The new "hybrid" cold war between Russia and the EU began with the annexation of Crimea. Putin's imperial ambitions clash with China's claims. On Chinese social networks the hashtag “Give us back Siberia” is going viral.
Moscow (AsiaNews) - On February 15, in a press conference after meeting with his Finnish colleague Pekka Haavisto in St. Petersburg, Russian foreign minister Sergej Lavrov declared that "our relations with the European Union are falling apart, and not our fault ".
Lavrov explained that after the Ukrainian Euromaidan "coup" in 2014, the European Union showed its inability to control the situation, yielding to the Ukrainian rebels and later shifting all the blame to Moscow, issuing sanctions after the referendum for the annexation of Crimea and the rebellion of the Donbass separatists. And now Russia is ready to completely break off relations with Brussels, which it also accuses of supporting the protests in favour of Alexei Navalnyj's movement from outside.
In recent years, a new “hybrid” variant of the cold war between Russia and the West has arisen from the Ukrainian drama: great Russian counter-espionage activism in European countries; support for populist and sovereign parties by the Kremlin; intrusions by hackers and trolls into social networks in favour of Russian interests.
The hostility of Russia towards Europe leads to the propaganda of the imperial ambitions of the Putinian regime, and to the legalization of its territorial conquests.
But Russia's expansionist interests have met with an obstacle in the East: China does not look kindly on Russian activism, which risks creating obstacles to the Japanese economic growth projects. On the contrary, the Chinese themselves are beginning to have expansionist aims towards the West, to the detriment of the Russian territories: the slogan "Give us back Siberia" is becoming viral on Chinese social networks.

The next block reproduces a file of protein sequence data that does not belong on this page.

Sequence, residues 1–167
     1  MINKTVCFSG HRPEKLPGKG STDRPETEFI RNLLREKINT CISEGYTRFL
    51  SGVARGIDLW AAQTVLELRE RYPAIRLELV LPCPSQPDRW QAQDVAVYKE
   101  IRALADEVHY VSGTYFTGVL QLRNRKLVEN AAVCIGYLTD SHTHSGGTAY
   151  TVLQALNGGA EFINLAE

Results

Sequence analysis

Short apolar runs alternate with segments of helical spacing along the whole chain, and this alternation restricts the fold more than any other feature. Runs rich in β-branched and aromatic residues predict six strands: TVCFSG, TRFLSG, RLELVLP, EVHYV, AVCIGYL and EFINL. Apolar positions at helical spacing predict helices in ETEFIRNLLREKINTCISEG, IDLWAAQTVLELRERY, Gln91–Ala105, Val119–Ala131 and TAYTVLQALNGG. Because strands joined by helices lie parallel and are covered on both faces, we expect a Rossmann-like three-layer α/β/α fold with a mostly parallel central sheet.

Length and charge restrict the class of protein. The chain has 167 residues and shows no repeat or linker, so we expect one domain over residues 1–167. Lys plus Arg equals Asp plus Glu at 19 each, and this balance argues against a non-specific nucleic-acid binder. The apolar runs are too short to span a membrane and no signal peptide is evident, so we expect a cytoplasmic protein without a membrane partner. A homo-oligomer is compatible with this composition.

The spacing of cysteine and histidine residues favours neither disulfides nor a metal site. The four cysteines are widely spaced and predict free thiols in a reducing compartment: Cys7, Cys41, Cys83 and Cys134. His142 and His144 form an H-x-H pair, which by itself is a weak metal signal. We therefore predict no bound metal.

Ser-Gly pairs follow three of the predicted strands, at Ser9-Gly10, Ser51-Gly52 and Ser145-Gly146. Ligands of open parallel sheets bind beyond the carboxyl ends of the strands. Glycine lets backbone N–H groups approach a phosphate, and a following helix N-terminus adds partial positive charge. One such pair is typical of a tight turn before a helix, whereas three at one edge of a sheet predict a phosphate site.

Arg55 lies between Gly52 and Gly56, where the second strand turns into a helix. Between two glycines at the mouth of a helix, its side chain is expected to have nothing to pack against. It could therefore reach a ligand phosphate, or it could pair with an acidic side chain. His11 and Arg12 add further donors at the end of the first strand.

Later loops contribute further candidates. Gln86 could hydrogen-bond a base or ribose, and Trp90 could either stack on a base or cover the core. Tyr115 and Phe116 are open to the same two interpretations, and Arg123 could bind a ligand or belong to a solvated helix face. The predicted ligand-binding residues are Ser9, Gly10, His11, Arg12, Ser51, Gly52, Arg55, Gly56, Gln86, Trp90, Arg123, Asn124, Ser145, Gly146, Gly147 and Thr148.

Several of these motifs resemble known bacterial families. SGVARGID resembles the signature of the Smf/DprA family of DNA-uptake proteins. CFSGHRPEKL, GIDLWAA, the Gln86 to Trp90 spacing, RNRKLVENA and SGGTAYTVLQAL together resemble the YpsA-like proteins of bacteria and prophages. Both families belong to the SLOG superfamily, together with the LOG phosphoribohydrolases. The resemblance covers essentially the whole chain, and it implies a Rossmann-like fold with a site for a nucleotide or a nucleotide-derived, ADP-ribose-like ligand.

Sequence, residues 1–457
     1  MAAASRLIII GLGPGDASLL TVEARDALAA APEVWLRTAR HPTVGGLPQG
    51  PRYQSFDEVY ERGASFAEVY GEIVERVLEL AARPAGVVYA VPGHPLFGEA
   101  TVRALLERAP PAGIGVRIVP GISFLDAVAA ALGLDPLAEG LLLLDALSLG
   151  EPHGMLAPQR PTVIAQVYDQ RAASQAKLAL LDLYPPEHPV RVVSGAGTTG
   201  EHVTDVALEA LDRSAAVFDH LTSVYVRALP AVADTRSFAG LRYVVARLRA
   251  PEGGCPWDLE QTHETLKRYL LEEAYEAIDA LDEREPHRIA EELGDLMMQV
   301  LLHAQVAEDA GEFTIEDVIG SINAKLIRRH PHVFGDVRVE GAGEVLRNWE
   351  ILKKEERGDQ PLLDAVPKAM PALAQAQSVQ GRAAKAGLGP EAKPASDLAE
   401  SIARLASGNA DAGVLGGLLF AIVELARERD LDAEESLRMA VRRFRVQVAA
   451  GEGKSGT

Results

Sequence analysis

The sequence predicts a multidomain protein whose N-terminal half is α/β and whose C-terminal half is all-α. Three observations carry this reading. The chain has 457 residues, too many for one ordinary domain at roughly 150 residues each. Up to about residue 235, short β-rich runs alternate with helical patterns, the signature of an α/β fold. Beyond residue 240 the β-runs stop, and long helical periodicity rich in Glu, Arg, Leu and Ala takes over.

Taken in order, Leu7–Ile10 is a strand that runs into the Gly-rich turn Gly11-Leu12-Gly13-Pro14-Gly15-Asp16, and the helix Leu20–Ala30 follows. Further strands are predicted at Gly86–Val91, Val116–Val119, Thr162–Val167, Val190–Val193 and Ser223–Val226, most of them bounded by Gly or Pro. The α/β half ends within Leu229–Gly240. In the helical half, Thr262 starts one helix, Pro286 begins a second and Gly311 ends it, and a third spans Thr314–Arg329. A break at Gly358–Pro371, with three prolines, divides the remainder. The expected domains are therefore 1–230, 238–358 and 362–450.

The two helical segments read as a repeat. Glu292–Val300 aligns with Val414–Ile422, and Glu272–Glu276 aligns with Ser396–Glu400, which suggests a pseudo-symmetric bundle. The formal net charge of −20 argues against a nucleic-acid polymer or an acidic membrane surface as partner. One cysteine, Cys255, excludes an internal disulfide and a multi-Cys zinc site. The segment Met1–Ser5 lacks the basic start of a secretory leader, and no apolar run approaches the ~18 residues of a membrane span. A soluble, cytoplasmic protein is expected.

In the last 10 years, China’s GDP has doubled, and a large middle class has begun to form, in addition to the small group of "regime oligarch" billionaires. The idea of recovering the "lost territories" spreads precisely as a result of the increasingly widespread well-being; and the Russian annexation of Crimea inspired the same idea on the Chinese side.
On Weibo, more and more users write that Putin's Russia sooner or later will have to voluntarily return one and a half million square kilometers of territory, torn up during the nineteenth century by the aggressive tsars with unjust negotiations. This interpretation has not been censored by the internal censors, also because it corresponds perfectly to the contents of Chinese school textbooks.
In fact, the Russian tsars made much wider claims than all the countries that divided up the Chinese territories in the 19th century. The Bolshevik regime did not change the imperialist attitude of the Tsarist regime towards China. Even the inhabitants of Buryatia (see photo: Lake Baikal), Russian citizens of Mongolian and Chinese ethnicity, have long been asking to be reintegrated in the Siberian federal region, and many would like to be re-annexed to China.
In 2020, the Chinese foreign ministry forced the Russian embassy to delete the explanation of the name of the city of Vladivostok, "Dominion of the East" from its website and to restore its Chinese name of Haishenwai (海参崴) to the great Russian port center on the Pacific. And so, precisely the Russians, who demand the return of territories such as Crimea, have shown the Chinese how to recalim Ksibolia, the real name of Siberia, for Beijing.